Computer simulation study of metastable ice VII and amorphous phases obtained by its melting

Jan Slovák, Hideki Tanaka

Research output: Contribution to journalArticle

11 Citations (Scopus)

Abstract

Molecular dynamics simulations of metastable ice VII and cubic ice Ic are carried out in order to examine (1) the ability of commonly used water interaction potentials to reproduce the properties of ices, and (2) the possibility of generating low-density amorphous (LDA) structures by heating ice VII, which is known to transform to LDA at ~135 K at normal pressure [S. Klotz, J. M. Besson, G. Hamel, R. J. Nelmes, J. S. Loveday, and W. G. Marshall, Nature (London) 398, 681 (1999)]. We test four simple empirical interaction potentials of water: TIP4P [W. L. Jorgensen, J. Chandrasekhar, J. D. Madura, R. W. Impey, and M. L. Klein, J. Chem. Phys. 79, 926 (1983)], SPC/E [H. J. C. Berendsen, J. R. Grigera, and T. P. Straatsma, J. Phys. Chem. B 91, 6269 (1987)], TIP5P [M. W. Mahoney and W. L. Jorgensen, J. Chem. Phys. 112, 8910 (2000)], and ST2 [F. H. Stillinger and A. Rahman, J. Chem. Phys. 60, 1545 (1974)]. We have found that TIP5P ice VII melts at 210 K, TIP4P at 90 K, and SPC/E at 70 K. Only TIP5P water after transition has a structure similar to that of LDA. TIP4P and SPC/E have almost identical structures, dissimilar to any known water or amorphous phases, but upon heating both slowly evolve towards LDA-like structure. ST2 ice VII is remarkably stable up to 430 K. TIP4P and SPC/E predict correctly the cubic ice collapse into a high-density amorphous ice (HDA) at ~1 GPa whereas TIP5P remains stable up to ~5 GPa. The densities of the simulated ice phases differ significantly, depending on the potential used, and are generally higher than experimental values. The importance of proper treatment of long-range electrostatic interactions is also discussed.

Original languageEnglish
Article number204512
JournalThe Journal of Chemical Physics
Volume122
Issue number20
DOIs
Publication statusPublished - May 22 2005

Fingerprint

Ice
ice
Melting
computerized simulation
melting
Computer simulation
Water
water
Heating
heating
interactions
Coulomb interactions
Molecular dynamics
electrostatics
molecular dynamics

ASJC Scopus subject areas

  • Atomic and Molecular Physics, and Optics

Cite this

Computer simulation study of metastable ice VII and amorphous phases obtained by its melting. / Slovák, Jan; Tanaka, Hideki.

In: The Journal of Chemical Physics, Vol. 122, No. 20, 204512, 22.05.2005.

Research output: Contribution to journalArticle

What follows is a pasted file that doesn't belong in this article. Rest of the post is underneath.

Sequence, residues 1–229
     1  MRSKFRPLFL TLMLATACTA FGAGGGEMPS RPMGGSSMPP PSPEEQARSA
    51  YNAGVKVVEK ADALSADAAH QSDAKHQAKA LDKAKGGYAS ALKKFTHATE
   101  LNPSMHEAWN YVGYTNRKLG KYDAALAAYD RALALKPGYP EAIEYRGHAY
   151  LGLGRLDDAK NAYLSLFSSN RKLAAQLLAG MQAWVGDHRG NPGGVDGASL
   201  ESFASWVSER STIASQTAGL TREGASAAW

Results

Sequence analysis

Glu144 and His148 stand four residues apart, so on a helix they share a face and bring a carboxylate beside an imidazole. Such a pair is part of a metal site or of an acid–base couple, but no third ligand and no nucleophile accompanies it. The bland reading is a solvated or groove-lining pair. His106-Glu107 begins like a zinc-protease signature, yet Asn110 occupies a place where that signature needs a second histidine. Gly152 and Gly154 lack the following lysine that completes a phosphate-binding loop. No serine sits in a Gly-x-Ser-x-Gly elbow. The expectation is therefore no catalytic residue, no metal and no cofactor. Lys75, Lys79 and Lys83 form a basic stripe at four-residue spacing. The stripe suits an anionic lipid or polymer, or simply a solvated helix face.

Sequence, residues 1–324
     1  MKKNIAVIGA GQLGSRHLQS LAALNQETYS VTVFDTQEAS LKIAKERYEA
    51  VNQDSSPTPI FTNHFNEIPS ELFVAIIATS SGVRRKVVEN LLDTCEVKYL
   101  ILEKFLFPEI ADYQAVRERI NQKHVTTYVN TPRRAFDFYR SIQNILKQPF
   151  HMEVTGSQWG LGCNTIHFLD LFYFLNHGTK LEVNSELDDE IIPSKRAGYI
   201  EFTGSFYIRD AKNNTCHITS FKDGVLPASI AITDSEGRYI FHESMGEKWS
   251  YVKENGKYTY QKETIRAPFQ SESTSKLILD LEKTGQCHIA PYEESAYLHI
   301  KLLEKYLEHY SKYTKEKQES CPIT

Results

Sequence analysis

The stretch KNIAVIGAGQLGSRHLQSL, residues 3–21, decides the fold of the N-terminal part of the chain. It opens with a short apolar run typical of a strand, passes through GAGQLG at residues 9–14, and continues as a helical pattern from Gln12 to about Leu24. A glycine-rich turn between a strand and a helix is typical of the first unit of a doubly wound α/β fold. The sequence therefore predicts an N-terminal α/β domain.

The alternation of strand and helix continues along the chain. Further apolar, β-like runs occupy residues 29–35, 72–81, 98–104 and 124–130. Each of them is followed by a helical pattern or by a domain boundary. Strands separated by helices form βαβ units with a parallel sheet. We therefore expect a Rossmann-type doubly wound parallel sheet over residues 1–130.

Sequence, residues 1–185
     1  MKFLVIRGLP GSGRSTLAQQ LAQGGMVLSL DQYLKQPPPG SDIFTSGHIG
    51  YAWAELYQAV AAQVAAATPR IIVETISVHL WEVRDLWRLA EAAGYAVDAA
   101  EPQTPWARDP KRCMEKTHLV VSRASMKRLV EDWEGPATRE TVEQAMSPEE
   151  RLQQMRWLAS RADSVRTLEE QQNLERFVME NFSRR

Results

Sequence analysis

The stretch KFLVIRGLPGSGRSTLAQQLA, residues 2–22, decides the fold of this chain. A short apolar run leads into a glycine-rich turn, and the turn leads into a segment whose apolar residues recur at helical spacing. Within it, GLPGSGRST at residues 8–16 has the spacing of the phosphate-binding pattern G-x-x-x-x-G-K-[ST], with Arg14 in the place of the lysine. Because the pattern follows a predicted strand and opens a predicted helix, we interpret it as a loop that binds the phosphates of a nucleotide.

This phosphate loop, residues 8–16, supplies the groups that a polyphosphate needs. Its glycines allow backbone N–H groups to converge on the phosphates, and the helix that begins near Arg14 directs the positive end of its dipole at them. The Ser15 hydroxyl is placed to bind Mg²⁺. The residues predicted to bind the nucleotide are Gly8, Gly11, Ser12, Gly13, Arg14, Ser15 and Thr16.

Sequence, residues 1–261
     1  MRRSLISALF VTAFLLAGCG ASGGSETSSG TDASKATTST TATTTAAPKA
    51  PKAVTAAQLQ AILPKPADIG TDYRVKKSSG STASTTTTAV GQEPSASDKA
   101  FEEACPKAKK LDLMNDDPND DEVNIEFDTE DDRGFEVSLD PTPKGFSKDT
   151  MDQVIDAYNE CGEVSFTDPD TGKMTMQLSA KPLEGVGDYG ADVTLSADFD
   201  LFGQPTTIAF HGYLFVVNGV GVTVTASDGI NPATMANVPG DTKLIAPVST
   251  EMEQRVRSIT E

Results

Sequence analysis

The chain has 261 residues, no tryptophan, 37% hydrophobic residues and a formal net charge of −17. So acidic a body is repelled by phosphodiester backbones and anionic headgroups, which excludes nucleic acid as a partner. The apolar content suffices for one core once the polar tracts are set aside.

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abstract = "Molecular dynamics simulations of metastable ice VII and cubic ice Ic are carried out in order to examine (1) the ability of commonly used water interaction potentials to reproduce the properties of ices, and (2) the possibility of generating low-density amorphous (LDA) structures by heating ice VII, which is known to transform to LDA at ~135 K at normal pressure [S. Klotz, J. M. Besson, G. Hamel, R. J. Nelmes, J. S. Loveday, and W. G. Marshall, Nature (London) 398, 681 (1999)]. We test four simple empirical interaction potentials of water: TIP4P [W. L. Jorgensen, J. Chandrasekhar, J. D. Madura, R. W. Impey, and M. L. Klein, J. Chem. Phys. 79, 926 (1983)], SPC/E [H. J. C. Berendsen, J. R. Grigera, and T. P. Straatsma, J. Phys. Chem. B 91, 6269 (1987)], TIP5P [M. W. Mahoney and W. L. Jorgensen, J. Chem. Phys. 112, 8910 (2000)], and ST2 [F. H. Stillinger and A. Rahman, J. Chem. Phys. 60, 1545 (1974)]. We have found that TIP5P ice VII melts at 210 K, TIP4P at 90 K, and SPC/E at 70 K. Only TIP5P water after transition has a structure similar to that of LDA. TIP4P and SPC/E have almost identical structures, dissimilar to any known water or amorphous phases, but upon heating both slowly evolve towards LDA-like structure. ST2 ice VII is remarkably stable up to 430 K. TIP4P and SPC/E predict correctly the cubic ice collapse into a high-density amorphous ice (HDA) at ~1 GPa whereas TIP5P remains stable up to ~5 GPa. The densities of the simulated ice phases differ significantly, depending on the potential used, and are generally higher than experimental values. The importance of proper treatment of long-range electrostatic interactions is also discussed.",
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